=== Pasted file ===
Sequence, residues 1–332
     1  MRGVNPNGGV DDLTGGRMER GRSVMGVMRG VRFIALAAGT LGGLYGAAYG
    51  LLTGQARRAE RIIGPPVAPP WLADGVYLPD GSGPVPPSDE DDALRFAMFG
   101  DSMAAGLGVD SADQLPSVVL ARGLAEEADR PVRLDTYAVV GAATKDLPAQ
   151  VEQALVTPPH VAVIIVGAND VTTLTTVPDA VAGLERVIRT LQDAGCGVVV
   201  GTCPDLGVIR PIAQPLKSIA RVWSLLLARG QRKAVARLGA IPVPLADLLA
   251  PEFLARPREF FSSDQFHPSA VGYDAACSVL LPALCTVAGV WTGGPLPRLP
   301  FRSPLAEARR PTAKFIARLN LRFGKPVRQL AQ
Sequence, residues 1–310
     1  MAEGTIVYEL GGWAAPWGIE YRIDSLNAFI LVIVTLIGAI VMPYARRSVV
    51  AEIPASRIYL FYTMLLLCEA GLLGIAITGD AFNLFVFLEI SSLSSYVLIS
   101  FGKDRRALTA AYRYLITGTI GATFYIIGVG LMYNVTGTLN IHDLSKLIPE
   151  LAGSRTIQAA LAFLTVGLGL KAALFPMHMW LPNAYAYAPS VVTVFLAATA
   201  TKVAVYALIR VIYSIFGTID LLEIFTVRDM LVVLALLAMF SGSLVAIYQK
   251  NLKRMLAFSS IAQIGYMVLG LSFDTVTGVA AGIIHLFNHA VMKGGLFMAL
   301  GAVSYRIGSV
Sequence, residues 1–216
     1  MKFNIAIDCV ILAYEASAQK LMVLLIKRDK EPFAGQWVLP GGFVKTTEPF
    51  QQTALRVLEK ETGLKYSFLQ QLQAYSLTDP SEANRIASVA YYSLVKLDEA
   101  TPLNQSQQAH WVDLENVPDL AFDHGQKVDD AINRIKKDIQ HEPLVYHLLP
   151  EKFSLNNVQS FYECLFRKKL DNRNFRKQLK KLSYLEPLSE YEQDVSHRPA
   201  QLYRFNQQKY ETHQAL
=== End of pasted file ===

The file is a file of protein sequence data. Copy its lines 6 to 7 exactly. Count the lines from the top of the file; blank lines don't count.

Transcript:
   201  GTCPDLGVIR PIAQPLKSIA RVWSLLLARG QRKAVARLGA IPVPLADLLA
   251  PEFLARPREF FSSDQFHPSA VGYDAACSVL LPALCTVAGV WTGGPLPRLP